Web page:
Recently I posted an essay I had written on the Eastern Catholic Churches that was to serve as a sort of introduction for those not very familiar with Eastern traditions. This was to be the first in a series with subsequent articles going more in depth in regards to each different liturgical rite of the Church. Unfortunately, my time has been limited as I've been working overtime, have a new addition at home to look after, and other things coming up as well. There's a lot to research with these essays, so my posting will be pretty sporadic here for the next few weeks as I get these essays done in my spare time.
My next essay on the Armenian Rite will hit Catholic365 on Monday night, with the next in the series on the Alexandrian Rite coming out the following Monday. Here's a preview of the next essay to hold things over, and I'll post a link here to the full essay once it's live.
|The Armenian Catholic Cathedral in Gherla, Romania|
In my first article in this series, An Introduction to the Eastern Catholic Churches, we were able to get acquainted with the 24 sui iuris (autonomous or self-governing) Churches within the Catholic Church. 23 of those Churches are Eastern Catholic Churches, and those 23 Churches belong to one of five liturgical traditions or rites. The first one that we’ll take a look at today is the Armenian Rite. The Armenian Rite is unique, as it is the only Rite within the Catholic Church besides the Latin Rite to have only one sui iuris Church within its liturgical tradition. Obviously, that sui iuris Church is the Armenian Catholic Church. Armenian Catholics have a rich history, and can be found all over the globe today. The Armenian Catholic Church is also one of six Eastern Catholic Churches to be called a patriarchal Church. But just what does that mean? Don’t only the Eastern and Oriental Orthodox have Patriarchs while Catholics have bishops? Let’s take a closer look at this distinction before we delve into the distinct traditions and practices of the Armenian Catholic Church.
According to the Code of Canons of Eastern Churches (CCEO), a patriarchal church is headed by a patriarch who “is a bishop who enjoys power over all bishops including metropolitans and other Christian faithful of the Church over which he presides according to the norm of law approved by the supreme authority of the Church.” These patriarchs are elected by their synods, and must extend communion to and receive it from the Pope in Rome, before officially taking their office. This is basically a formality at this point, as the Pope always accepts the vote of the fully Catholic synods. Before the Great Schism in 1054, there were five patriarchal episcopal sees which were located in Rome, Constantinople, Alexandria, Antioch, and Jerusalem. As Churches left and re-entered communion with the Pope throughout the centuries, there are now more than five patriarchs in the Catholic Church (the Pope himself being the Patriarch of the West), and as already mentioned, one of those patriarchs belongs to the Armenian Catholic Church. The current Patriarch is Gregory Petros XX Gabroyan, and his official title is the “Catholicos Patriarch of Cilicia of Armenian Catholics”, making him the head of the Armenian Catholic Church. He was enthroned as patriarch on August 9, 2015. But we must look to history to see how the Patriarch of Cilicia came back into communion with the Catholic Church.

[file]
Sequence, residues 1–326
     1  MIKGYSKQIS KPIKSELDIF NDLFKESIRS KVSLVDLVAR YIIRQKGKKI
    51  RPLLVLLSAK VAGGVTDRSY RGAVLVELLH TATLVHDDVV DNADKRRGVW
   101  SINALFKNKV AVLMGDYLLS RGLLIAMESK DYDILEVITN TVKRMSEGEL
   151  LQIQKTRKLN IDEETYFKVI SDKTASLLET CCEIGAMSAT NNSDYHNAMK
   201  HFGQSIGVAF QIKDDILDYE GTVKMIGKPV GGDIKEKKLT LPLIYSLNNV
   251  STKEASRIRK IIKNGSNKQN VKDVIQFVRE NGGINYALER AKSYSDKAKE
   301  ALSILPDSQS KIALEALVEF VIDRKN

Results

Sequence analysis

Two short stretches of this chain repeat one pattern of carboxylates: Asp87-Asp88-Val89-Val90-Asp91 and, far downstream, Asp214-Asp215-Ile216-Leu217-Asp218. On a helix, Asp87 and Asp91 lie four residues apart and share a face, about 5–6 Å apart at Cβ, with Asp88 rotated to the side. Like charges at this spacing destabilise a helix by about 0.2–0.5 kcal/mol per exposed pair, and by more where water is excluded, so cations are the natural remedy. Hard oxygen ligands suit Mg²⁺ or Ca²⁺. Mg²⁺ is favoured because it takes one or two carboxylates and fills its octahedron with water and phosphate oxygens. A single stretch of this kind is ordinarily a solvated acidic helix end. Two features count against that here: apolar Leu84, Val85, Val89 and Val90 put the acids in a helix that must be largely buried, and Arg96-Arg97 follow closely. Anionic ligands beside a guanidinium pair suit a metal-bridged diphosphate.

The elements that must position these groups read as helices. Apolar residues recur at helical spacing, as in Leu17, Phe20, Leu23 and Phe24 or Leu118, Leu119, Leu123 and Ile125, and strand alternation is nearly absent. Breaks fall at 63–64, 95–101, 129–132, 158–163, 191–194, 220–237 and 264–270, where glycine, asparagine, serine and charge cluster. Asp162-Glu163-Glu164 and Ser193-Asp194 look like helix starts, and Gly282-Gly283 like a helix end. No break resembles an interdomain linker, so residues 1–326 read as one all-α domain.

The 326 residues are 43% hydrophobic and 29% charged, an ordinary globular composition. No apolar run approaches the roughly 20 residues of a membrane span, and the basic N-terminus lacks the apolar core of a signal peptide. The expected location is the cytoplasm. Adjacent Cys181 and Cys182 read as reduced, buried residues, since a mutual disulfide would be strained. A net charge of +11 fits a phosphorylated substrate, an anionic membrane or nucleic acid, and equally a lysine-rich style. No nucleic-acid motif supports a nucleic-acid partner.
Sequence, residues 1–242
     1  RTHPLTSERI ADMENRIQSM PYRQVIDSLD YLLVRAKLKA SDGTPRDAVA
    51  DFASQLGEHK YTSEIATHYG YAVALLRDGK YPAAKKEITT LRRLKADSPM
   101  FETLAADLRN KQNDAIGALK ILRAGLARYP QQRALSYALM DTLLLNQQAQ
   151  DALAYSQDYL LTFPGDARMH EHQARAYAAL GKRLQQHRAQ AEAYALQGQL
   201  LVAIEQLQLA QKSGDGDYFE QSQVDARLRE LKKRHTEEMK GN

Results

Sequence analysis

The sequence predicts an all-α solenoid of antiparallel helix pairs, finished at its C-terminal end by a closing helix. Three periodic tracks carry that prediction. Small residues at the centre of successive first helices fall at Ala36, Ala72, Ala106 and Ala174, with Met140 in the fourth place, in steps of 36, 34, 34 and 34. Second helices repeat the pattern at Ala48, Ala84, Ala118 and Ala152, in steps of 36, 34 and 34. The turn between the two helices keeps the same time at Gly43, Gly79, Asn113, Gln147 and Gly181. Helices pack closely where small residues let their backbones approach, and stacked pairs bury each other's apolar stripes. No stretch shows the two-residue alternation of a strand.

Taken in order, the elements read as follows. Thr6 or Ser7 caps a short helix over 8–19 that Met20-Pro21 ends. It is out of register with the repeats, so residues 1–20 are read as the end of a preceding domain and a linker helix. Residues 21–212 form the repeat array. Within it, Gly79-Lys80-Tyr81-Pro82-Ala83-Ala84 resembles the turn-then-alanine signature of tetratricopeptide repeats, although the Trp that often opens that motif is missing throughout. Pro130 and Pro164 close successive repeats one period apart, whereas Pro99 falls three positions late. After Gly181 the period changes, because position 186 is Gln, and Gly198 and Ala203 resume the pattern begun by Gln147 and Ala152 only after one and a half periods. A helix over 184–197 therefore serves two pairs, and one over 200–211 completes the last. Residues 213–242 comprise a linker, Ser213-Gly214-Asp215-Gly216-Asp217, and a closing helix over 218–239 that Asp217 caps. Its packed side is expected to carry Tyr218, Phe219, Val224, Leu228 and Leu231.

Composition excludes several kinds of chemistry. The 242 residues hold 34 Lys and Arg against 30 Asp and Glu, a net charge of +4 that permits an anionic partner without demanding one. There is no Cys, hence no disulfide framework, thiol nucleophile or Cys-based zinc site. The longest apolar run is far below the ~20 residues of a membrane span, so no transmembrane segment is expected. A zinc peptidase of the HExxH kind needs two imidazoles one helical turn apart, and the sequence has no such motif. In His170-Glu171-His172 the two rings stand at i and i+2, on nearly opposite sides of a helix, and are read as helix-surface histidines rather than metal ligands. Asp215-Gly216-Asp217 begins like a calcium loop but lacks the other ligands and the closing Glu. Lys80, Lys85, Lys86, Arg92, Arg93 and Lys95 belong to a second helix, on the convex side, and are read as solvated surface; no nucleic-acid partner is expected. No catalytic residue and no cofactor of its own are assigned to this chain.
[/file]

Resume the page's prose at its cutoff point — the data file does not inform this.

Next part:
The very first Patriarch of Cilicia, Abraham Petros I Ardzivian, was responsible for bringing Armenian Christians back home in the year 1740. Many Armenian Christians had separated from the Church following the Ecumenical Council of Chalcedon in 451 over certain Christological definitions. Between then and Patriarch Ardzivian’s reign, there were a couple times that reunification was tried, but it never had any lasting effects. It wasn’t until Patriarch Ardzivian converted to Catholicism, ordained a bishop and two clergymen who then elected and consecrated him patriarch on November 26, 1740, that a real unification was made. Ardzivian then traveled to Rome with his vicar and clergymen to have his election as patriarch ratified by the Pope.
On December 8th, 1742, Ardzivian’s election as patriarch was recognized, and was given the pallium by Pope Benedict XIV, affirming the unity between the Latin and Armenian Catholic Churches, and that union has continued on since that day.
The Church Today
Since that momentous day back in 1742, the Armenian Catholic Church has grown significantly, now boasting over 735,000 faithful worldwide throughout four archeparchies (the Eastern equivalent of an archdiocese), six eparchies (the equivalent of dioceses), and several smaller exarchates and ordinariates throughout the world. This growth has continued to happen despite the Armenian Genocide under the rule of the Ottoman Empire in the early 20th century. Most of the Armenian Catholic population is currently in the Canada, the United States and in France, with the Patriarchs seat currently in Beirut, Lebanon with around 12,500 faithful living there according to the 2015 Annuario Pontificio. Now it might seem odd that most Armenian Catholics live in the US and France, but there’s a reason for that. Those numbers look larger in Western countries specifically because of the threat of ISIS and other militant Islamist groups in countries such as Iran, Iraq and Syria. For instance, the Eparchy of Ispahan, Iran has seen a dramatic loss in population. In 2010 there were 8,000 Armenian Catholics living in the eparchy. As of 2015, there were only 200. God only knows how many Catholics are left in the eparchy in 2016, but thankfully, the liturgy and tradition of the Armenian Catholics is living on throughout the world.